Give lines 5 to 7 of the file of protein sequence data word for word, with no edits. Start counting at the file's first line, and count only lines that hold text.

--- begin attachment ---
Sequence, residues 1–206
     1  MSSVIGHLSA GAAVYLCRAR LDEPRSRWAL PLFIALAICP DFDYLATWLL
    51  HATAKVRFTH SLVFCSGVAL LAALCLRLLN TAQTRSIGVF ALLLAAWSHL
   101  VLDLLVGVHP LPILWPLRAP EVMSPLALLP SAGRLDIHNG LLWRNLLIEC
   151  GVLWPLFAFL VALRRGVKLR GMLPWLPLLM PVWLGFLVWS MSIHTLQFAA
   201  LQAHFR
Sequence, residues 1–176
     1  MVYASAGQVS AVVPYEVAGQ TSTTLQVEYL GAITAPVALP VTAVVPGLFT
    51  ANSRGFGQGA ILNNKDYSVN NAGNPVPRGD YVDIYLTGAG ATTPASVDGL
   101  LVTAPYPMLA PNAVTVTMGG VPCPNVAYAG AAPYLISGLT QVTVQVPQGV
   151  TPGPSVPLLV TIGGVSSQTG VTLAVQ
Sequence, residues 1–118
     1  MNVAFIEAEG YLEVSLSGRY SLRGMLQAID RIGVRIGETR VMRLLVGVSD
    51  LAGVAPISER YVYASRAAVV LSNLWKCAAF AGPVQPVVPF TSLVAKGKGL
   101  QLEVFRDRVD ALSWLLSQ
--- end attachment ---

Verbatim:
   151  GVLWPLFAFL VALRRGVKLR GMLPWLPLLM PVWLGFLVWS MSIHTLQFAA
   201  LQAHFR
Sequence, residues 1–176